If you listen to the surviving old-timers, you will learn that they didn't run their tabletop RPG campaigns the way that is assumed as normal now: organizing a specific group, which plays and acts like a team, that meets at specific places and times to performance as a team for a specific duration (in hours). It might as well be organizing a team for a bowling league with strict attendance rules.
I know, from decades of experience, that this scheme leaves the least committed with the most leverage over the group. If they don't show up, for whatever reason, it's not uncommon to abandon play altogether because some combination of player and GM decisions made the no-show guy a mission-critical element. As with a car without an ignition key, getting going otherwise tends to be beyond many to pull off, and can often lead to other troubles.
The Open Table paradigm avoids all of that. It's a paradigm of Pick-Up Play. The GM shows up, sets up, and runs the game with whomever shows up. You want a (somewhat humorous) example? Go read the posts by The Alt-Right GM about his ongoing Open Table campaign. Very little needed in terms of preparation, no need for narrative elements at all, and self-sustaining once the players start becoming players in the setting because cause-and-effect gain sufficient momentum to keep play going indefinitely.
Which is why more videogame designers and publishers of RPGs--MMO and otherwise--are doing the smart thing and adapting this more and more to their own medium. They have been for years, but business and technical limitations still forbid the fullest degree of implemenation. Especially the MMORPGs with persistent worlds, like World of Warcraft.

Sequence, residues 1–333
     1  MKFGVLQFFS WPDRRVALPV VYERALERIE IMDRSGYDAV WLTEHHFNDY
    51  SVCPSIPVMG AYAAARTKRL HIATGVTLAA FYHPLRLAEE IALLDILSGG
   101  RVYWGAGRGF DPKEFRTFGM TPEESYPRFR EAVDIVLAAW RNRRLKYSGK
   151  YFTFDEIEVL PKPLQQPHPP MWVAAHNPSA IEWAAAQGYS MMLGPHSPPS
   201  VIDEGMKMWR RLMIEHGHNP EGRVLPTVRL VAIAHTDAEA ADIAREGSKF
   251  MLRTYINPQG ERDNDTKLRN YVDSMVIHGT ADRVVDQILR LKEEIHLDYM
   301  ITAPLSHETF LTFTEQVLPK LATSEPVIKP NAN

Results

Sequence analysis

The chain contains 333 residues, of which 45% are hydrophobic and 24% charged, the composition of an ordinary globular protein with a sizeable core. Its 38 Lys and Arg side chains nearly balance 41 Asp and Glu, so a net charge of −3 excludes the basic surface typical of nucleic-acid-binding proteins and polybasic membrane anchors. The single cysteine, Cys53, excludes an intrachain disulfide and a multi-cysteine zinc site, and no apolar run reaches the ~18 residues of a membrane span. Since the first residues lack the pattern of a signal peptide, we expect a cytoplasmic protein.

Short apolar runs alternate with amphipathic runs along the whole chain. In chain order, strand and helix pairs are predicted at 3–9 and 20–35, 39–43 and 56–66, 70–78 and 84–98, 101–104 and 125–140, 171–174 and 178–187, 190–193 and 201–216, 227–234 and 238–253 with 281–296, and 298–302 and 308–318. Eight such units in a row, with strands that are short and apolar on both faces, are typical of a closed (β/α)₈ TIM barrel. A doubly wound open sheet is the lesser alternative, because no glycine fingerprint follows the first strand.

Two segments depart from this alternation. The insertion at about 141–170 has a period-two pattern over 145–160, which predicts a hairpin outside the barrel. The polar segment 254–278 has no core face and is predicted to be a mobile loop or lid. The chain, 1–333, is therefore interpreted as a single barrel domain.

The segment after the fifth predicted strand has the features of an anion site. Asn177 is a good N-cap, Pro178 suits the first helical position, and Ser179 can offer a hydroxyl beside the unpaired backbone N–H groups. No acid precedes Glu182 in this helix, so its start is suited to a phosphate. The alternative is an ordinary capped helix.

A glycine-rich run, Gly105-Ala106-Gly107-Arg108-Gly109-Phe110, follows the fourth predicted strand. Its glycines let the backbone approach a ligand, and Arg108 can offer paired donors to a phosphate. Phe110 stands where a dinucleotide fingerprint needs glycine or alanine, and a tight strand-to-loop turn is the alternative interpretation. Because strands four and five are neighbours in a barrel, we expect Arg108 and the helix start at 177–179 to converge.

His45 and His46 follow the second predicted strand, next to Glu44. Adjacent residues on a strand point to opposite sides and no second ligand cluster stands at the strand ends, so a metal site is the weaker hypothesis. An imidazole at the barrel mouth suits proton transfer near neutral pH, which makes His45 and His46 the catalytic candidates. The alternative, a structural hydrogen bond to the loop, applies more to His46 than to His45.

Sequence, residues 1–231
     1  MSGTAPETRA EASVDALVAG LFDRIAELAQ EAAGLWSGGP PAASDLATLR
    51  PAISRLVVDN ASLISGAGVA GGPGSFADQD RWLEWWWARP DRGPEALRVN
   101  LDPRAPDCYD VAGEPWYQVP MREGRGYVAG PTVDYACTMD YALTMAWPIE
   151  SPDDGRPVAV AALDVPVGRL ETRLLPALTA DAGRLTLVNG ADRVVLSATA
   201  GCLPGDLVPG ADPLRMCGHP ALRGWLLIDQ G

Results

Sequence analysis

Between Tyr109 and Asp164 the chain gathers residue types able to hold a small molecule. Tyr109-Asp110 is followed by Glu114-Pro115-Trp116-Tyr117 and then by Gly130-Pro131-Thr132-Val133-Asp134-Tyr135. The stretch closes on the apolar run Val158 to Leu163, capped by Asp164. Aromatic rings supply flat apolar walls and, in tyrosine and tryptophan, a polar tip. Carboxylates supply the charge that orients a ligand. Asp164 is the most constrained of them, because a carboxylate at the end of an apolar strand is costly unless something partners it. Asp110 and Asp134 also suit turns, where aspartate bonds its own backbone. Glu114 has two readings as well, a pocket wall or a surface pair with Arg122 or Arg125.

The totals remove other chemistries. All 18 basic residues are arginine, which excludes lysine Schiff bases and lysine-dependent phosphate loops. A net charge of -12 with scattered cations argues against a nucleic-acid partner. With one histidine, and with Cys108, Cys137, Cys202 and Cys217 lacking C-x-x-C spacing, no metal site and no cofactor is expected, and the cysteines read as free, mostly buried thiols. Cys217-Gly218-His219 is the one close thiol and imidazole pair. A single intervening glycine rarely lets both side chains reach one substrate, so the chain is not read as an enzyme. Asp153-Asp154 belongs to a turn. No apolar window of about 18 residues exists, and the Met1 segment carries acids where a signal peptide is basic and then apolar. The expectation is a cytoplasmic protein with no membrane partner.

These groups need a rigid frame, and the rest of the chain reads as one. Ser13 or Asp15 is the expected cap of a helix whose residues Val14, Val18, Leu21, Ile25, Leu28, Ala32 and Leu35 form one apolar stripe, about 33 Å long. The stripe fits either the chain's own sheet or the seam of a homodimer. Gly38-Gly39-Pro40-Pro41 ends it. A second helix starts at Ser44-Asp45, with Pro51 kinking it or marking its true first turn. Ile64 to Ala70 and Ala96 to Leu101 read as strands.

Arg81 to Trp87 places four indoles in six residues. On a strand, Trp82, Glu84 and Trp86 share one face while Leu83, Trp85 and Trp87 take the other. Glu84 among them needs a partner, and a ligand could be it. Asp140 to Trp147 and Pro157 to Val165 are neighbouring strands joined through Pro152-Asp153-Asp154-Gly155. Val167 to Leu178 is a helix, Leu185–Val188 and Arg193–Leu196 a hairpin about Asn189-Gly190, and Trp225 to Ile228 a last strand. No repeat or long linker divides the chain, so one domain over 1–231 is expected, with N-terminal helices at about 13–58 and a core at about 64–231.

Fire the frustrated wanna-be novelists and get more wargame veterans on the payroll instead. Embrace the Open Table paradigm, and its key feature of drop-in/drop-out play, and enjoy adaptation and retention (in both tabletop and videogame media) as people stop being bothered by the fear of commitment to a psuedo-bowling league. Instead, knowing that they can dip out whenever something that matters comes up--job, kids, whatever--they can just go handle it and never leave anyone else in the lurch.
The Open Table is good for players, good for publishers, good for developers, good for retailers and convention organizers (for tabletop, specifically), and good thereby for the community as a whole. No hobby should yoke you like a job. (Yes, World of Warcraft, specifically the Raid-or-Die crowd, I'm looking at you. "Raid Guilds" should not be a thing.) "Schedule Your Fun" needs to be dragged into the street, beaten into a pulp, and then shot dead for good measure- for the good of all forms of gaming.
The Open Table. The superior play paradigm. Adopt it today.